Sonny Liston was as scary as they come. He didn't just beat opponents, he bullied them. Liston was the first man to ever knockout Floyd Patterson and he did it twice. He had an extremely long reach and a good jab that kept opponents off balance before he mauled them with power punches.
In their primes this might be a match better suited for a steel cage or a prison yard. Both men are ranked in the top 20 of Ring Magazine’s greatest 100 punchers off all-time. A fight between the two would be action packed, violent and short.
- Wladimir Klitschko vs. Larry Holmes
I can already see the fight’s headline “Underrated.” Larry Holmes is one of the best heavyweight fighters period. He won his first forty-eight fights and defended his title twenty straight times, second only to Joe Louis who had twenty-five straight defenses. Yet he is usually looked over by the fans of the sport and historians.
Wladimir Klitschko currently holds three of the major Heavyweight titles and is one of the top pound for pound fighters in the world. He has won 55 of his 58 fights including his last thirteen fights, eight by stoppage.
Klitschko is 6 ft 6 in and is three inches taller than Holmes but they both have an 81 inch reach. Klitschko is a bit better defender but both fighters have exceptional jabs. Holmes has the tougher chin and that could ultimately decide the fight.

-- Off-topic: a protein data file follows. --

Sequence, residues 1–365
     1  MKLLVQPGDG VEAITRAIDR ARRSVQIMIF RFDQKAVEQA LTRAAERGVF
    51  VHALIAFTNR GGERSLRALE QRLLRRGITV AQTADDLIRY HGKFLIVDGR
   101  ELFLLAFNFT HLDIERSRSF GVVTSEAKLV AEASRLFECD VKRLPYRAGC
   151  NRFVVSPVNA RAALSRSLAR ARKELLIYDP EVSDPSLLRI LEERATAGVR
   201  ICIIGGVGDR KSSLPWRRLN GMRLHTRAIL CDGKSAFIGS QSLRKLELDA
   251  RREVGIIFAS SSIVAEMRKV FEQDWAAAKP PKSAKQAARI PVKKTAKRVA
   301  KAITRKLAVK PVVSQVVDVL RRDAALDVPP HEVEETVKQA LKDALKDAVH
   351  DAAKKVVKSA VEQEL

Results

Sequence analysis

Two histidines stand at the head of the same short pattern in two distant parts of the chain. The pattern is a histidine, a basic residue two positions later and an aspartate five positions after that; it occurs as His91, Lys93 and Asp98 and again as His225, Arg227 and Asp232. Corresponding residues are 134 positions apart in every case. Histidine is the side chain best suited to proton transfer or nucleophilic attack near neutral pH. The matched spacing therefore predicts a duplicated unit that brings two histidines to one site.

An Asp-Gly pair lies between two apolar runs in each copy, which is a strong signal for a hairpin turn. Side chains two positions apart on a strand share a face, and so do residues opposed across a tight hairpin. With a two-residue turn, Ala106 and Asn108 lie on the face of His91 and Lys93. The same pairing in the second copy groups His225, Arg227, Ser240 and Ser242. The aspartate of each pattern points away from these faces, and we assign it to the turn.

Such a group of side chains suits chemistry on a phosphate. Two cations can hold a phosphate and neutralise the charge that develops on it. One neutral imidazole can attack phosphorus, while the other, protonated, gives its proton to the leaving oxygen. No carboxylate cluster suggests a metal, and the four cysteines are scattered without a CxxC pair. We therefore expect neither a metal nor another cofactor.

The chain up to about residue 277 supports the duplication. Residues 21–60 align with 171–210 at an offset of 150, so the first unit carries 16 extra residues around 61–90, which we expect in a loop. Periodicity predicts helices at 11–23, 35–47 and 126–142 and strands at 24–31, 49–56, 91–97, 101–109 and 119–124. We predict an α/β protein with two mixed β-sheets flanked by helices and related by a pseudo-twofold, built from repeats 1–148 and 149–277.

This fight would be the ultimate pay per view blockbuster plain and simple. Oscar De La Hoya is a cash cow who has made more money than any other fighter ever. Sugar Ray Leonard was the first prize fighter to earn an excess of $100 million.
De La Hoya was a six division champion and was for a few years the no. 1 pound for pound fighter in the sport.
Sugar Ray Leonard was the greatest boxer of his generation and won world titles in five divisions. A matchup between the two could take place anywhere from 147-154lbs.
While they are two of the most popular boxers ever, I don’t see this being much of a contest. Sugar Ray would be too fast for Oscar and he had a better chin. De La Hoya is known for fading late in big fights and that could lead to a late TKO. However, I believe his heart would carry him through and he’d lose a unanimous decision.